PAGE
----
Gross Domestic Product (GDP) is a statistic to which much importance is attached by the high priests of capitalism, our celebrated economic ‘experts’ and central bankers with their panels of expert advisers. Estimates of the growth or decline in GDP in the previous quarter are eagerly awaited, and forecasts for the coming year and beyond are given much credence and lead to sighs of relief when, as with the recent forecast for UK GDP from Moody, they predict growth of 1.2% for 2017, only slightly lower than the 1.5% forecast for 2016. The collective group-think is that, while the UK economy is slowing down, the EU Referendum result will not, as previously feared, trigger a recession. This confidence is buttressed by forecasts of GDP growth in the rest of the world, the recent fall in the value of the pound and the Bank of England’s further resort to ‘quantitative easing’ – the strategy whereby the government, in effect, prints money and lends it to the commercial banks without any strings attached.
Capitalist economies are, of course, always driven by such vague sentiments, reinforced by the wisdom of ‘experts’ who actually have little understanding of how their economies really work or when the next crisis will hit. Moody’s forecast assumes that another financial crash of the kind experienced in 2007 and 2008 won’t occur. Considerations such as the instability of the Euro, the house price bubble and bankers’ continued addiction to casino and arbitrage activity instead of investment in productive enterprises are simply ignored. Also disregarded, perhaps because it is simply too painful for the ‘experts’ to contemplate, is the much greater difficulty governments and central banks will encounter if a crisis in the banking and finance sector occurs sooner rather than later. Next time it won’t be so easy to lay the burden on ordinary workers and their families. That trick can only be played when memories have faded.
The tendency for capital to over-accumulate and resort to speculative activity as the rate of profit declines makes another economic crisis inescapable. It may not arise in 2017, but it’s coming.
Finally, a brief note on GDP. GDP is arrived at by summing the value added from separate commodity generating activities across the economy, thereby avoiding double counting the production of commodities used in subsequent production. It thus represents the income available to a nation to pay wages, capital costs, taxes and (most important to capitalists) profits. It is a useful measure of the scale of an economy, but it has several shortcomings. In particular:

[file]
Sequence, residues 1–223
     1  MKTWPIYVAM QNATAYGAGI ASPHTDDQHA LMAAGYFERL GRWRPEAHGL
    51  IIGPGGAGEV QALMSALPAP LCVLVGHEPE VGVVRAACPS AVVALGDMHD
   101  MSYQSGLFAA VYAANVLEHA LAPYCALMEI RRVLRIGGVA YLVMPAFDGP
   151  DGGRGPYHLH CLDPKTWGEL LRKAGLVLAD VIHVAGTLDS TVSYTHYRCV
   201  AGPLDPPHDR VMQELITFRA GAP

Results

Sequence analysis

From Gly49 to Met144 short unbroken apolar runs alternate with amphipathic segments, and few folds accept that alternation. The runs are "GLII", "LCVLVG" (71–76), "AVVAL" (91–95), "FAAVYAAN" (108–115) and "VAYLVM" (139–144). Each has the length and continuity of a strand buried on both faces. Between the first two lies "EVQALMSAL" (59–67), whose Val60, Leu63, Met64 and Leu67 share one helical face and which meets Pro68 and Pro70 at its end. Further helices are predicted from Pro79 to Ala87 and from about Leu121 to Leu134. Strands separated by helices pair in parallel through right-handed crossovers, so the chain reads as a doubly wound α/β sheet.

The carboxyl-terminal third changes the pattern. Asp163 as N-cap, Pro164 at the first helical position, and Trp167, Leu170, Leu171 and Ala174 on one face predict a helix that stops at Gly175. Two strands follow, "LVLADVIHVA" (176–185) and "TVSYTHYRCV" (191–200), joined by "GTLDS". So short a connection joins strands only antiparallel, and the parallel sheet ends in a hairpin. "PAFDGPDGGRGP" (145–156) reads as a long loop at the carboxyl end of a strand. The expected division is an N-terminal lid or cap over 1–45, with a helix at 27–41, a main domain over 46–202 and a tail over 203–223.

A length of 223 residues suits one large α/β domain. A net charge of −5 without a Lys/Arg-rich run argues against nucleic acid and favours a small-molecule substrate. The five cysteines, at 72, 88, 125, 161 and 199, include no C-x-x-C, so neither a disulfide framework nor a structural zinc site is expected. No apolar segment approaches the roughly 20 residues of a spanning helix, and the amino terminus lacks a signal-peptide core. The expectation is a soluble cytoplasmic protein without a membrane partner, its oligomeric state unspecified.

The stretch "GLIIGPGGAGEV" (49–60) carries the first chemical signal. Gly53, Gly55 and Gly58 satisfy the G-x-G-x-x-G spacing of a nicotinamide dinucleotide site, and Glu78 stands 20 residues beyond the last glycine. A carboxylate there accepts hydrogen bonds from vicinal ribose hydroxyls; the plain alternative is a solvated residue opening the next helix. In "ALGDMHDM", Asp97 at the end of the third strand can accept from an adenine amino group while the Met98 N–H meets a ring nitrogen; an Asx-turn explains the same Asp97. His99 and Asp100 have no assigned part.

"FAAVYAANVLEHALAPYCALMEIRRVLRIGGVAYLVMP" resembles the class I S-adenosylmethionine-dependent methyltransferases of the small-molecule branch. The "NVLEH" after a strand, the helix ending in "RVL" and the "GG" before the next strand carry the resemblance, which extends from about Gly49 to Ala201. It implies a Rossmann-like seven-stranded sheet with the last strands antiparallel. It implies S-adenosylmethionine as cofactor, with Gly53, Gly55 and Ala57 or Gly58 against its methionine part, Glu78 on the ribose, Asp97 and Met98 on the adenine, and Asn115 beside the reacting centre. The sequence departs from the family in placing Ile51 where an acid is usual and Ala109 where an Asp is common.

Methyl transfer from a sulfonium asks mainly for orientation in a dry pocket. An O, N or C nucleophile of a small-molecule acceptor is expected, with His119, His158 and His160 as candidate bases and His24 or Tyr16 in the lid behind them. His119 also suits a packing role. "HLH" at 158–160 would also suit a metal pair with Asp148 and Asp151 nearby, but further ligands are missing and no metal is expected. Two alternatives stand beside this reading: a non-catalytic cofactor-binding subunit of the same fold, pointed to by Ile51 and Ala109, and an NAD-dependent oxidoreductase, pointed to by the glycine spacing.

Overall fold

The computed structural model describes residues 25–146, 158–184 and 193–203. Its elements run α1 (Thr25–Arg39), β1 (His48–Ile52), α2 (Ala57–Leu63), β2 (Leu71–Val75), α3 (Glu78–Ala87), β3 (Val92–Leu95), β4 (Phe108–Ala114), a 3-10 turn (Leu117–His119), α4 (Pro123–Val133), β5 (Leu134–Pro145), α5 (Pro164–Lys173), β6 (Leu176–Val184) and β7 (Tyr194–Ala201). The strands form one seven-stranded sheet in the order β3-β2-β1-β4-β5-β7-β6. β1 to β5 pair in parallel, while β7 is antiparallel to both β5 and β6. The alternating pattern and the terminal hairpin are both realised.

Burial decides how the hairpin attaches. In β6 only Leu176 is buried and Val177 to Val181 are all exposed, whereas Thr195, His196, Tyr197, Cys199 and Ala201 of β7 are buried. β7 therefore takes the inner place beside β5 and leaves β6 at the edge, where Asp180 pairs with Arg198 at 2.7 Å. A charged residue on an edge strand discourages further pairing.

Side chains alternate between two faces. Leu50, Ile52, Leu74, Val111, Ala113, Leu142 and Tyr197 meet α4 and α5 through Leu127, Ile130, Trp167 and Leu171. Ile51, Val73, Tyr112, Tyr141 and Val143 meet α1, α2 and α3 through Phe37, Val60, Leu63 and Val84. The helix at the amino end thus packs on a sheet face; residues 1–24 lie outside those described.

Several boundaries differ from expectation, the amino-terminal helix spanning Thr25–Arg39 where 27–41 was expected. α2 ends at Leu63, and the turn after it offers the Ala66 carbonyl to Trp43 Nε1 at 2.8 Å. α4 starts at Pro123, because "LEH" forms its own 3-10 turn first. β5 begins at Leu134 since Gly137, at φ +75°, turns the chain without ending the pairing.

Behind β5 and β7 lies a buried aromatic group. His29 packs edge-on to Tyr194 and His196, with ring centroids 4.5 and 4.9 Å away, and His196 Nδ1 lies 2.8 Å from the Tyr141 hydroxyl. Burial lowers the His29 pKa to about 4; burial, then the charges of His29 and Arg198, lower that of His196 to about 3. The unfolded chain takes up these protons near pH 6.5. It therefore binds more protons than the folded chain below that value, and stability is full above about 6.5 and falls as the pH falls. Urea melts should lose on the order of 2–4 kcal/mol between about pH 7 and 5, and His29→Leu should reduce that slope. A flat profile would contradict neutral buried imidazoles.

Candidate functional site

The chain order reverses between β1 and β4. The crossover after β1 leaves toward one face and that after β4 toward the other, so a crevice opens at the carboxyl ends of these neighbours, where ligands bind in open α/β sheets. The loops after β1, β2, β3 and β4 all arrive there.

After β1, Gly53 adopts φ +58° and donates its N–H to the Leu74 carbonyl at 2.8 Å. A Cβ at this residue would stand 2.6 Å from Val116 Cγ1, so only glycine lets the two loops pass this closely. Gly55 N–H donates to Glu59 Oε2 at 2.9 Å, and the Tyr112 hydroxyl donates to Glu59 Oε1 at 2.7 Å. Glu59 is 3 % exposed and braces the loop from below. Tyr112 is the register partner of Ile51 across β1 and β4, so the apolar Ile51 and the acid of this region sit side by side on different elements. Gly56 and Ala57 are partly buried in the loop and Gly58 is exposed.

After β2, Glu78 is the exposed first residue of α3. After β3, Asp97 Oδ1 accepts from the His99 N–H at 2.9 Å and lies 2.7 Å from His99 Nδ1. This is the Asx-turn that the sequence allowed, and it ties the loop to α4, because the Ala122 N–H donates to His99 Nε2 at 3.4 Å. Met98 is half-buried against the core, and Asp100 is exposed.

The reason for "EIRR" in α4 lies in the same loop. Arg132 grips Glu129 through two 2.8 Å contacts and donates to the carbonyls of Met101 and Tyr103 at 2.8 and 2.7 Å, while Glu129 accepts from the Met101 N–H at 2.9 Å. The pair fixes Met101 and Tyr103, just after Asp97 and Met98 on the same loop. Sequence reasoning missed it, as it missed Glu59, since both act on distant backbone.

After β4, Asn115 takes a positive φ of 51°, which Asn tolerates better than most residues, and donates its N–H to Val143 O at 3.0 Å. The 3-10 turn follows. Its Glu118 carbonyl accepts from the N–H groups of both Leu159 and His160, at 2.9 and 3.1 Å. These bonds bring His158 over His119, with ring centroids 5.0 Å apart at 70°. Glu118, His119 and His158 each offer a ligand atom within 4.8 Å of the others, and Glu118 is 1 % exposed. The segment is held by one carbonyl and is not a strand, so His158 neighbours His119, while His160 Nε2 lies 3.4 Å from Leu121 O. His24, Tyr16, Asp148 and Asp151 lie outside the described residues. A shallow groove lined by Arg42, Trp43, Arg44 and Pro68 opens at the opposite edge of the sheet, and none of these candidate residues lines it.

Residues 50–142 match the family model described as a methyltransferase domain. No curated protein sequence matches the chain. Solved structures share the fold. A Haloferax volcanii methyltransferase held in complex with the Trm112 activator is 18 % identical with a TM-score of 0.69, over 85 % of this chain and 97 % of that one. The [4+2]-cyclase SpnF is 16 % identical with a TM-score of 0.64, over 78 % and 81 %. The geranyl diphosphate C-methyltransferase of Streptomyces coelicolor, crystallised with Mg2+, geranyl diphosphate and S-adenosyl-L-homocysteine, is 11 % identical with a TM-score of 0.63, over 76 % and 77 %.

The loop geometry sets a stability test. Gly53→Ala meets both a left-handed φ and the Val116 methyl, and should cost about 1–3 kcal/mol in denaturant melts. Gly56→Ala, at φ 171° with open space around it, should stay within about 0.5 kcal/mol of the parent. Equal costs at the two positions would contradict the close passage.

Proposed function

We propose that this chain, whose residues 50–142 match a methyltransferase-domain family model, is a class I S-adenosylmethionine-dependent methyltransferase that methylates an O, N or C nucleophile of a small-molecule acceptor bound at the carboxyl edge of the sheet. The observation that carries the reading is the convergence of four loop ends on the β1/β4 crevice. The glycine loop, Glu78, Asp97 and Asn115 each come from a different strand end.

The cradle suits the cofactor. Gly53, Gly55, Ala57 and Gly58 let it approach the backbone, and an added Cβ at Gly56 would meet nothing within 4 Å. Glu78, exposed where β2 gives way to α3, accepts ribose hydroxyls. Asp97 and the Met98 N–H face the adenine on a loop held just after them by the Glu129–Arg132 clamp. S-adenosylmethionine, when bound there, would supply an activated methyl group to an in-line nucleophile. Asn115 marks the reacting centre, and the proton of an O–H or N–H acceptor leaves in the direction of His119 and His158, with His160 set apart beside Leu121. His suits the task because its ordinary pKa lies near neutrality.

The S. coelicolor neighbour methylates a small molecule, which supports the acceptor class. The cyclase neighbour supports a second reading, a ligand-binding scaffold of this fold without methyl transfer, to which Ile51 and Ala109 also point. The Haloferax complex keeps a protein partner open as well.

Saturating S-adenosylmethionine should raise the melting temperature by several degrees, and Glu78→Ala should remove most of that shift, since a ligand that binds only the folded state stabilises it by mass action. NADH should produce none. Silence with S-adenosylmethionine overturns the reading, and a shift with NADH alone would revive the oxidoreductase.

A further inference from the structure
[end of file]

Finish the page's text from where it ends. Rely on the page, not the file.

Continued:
- it fails to measure inputs and outputs at their true economic cost. In particular, no allowance is made for the damage to the environment caused, for example, by CO2 emissions;
- there is no allowance for depreciation of plant and machinery. If this were done GDP would be a good first order estimate of surplus value – a key measure in Marxist economics which bourgeois economists prefer to ignore – assuming that is they understand what it is;
- GDP, even after deduction of depreciation, requires a deflator before it can be used as an efficiency measure. The available deflators such as hours worked have limitations; and
- the statistic tells us nothing about how GDP is shared between capitalists and workers.
For those interested in these more technical matters, I will post a short piece shortly on the Communist University in South London website.
A posting by Nigel Green
Writing in this weekend’s Morning Star ( 10/11th May 2014) Natasha Hoarau daughter of the late, great Bob Crow, says that her Dad who did so much exposing the EU empire for what it is – an undemocratic club for big business bosses – “had no time for UKip”.
She points out that while Bob’s union the RMT “campaigned vigorously on the streets for public ownership of our transport networks”, Brussels based Ukip MP’s were demanding that “member states follow EU rail directives imposing privatisation and fragmentation across the EU”.